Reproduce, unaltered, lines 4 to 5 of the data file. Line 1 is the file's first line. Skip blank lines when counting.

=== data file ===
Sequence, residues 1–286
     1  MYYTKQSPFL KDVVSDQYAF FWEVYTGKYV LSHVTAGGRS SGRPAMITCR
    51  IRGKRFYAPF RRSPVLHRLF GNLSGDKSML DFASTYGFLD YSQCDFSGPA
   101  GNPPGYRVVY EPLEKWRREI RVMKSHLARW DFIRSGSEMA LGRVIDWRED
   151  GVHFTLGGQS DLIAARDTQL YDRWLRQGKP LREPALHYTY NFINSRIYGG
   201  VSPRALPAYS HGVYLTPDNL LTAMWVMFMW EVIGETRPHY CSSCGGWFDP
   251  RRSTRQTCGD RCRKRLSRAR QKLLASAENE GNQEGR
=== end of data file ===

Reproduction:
   101  GNPPGYRVVY EPLEKWRREI RVMKSHLARW DFIRSGSEMA LGRVIDWRED
   151  GVHFTLGGQS DLIAARDTQL YDRWLRQGKP LREPALHYTY NFINSRIYGG